My television showed a war scene with a partially shredded teddy bear strewn amid the bomb-shattered rubble of what was once a family home in the Ukraine. As I was viewing this tragic scene, I could also see my grandchildren’s childhood teddy bear out of the corner of my eye. Still wearing its Chicago Bear’s football sweater, now tattered, our 40-year-old-plus teddy bear rests comfortably on a child’s rocking chair in our family room. The “war” it has survived involved dog chewing and children lovingly tugging at it.

As I sat in the comfort and safety of my family room, I couldn’t imagine my home and our family teddy bear being blown to fiery bits. In such horrific circumstances, what would I do? What would I save? Where would I go? How would I get there? Everyone else around me and I would be seeking safe shelter and food. Suddenly I felt great fear. I can’t fathom such a tragedy now occurring, multiplied by millions of people. The United Nations has estimated there are over 4 million Ukrainian refugees, and that number is increasing exponentially. Most, with only one suitcase or shopping bag in hand, have fled their homes, and are now primarily crowding into Poland, Romania, and Hungary.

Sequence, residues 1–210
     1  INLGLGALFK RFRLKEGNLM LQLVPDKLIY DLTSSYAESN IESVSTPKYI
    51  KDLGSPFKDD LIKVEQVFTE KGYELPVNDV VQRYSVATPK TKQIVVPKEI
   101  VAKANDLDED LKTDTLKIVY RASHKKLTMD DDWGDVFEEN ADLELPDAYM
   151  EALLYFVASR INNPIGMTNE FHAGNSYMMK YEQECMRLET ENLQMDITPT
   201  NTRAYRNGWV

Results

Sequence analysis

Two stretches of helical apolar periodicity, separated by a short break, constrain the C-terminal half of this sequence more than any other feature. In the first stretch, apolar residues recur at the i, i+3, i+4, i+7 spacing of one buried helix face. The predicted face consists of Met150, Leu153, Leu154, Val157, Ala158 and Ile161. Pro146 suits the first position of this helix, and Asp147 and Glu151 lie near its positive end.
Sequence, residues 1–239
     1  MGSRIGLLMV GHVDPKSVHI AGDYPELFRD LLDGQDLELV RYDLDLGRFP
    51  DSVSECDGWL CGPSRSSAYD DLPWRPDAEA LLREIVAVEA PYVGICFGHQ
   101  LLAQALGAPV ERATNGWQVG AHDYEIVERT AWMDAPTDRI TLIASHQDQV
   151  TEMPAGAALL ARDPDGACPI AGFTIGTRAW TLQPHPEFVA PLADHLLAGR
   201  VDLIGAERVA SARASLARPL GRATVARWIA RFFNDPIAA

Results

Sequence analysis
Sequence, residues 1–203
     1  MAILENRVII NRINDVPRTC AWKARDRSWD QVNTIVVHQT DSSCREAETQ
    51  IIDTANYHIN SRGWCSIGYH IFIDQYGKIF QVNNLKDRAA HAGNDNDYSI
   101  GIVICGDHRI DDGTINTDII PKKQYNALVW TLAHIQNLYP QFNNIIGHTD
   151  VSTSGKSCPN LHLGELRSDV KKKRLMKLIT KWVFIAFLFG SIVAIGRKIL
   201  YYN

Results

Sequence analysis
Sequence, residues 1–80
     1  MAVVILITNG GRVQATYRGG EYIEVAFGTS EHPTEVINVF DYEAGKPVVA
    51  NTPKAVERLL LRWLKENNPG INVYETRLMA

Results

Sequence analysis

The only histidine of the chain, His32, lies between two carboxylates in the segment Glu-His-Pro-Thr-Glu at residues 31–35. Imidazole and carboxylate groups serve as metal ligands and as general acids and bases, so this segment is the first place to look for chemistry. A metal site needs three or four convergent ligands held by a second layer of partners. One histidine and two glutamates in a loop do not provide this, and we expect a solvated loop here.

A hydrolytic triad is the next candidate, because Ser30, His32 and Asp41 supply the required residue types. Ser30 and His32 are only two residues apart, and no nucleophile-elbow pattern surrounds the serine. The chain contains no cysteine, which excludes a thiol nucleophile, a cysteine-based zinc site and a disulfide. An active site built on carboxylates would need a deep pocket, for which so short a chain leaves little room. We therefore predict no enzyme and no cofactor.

This tragedy was caused by a power-mad leader, “without a soul,” willing to sacrifice human beings to satisfy his lust. I shudder to imagine what would have occurred here in the United States if Trump had been re-elected president in 2020. Undoubtedly, he’d have pressed us to be an ally of Russia. There would have been no consolidation of NATO as Biden has accomplished. There would have been no help authorized for the independent democracy of Ukraine.

The symbol of that tattered and partially burned teddy bear on TV achingly speaks volumes. We cannot just feel sad for the Ukraine. We Americans must support the Ukrainian people, in the name of their democracy and ours, too.

Harriet Hausman
River Forest

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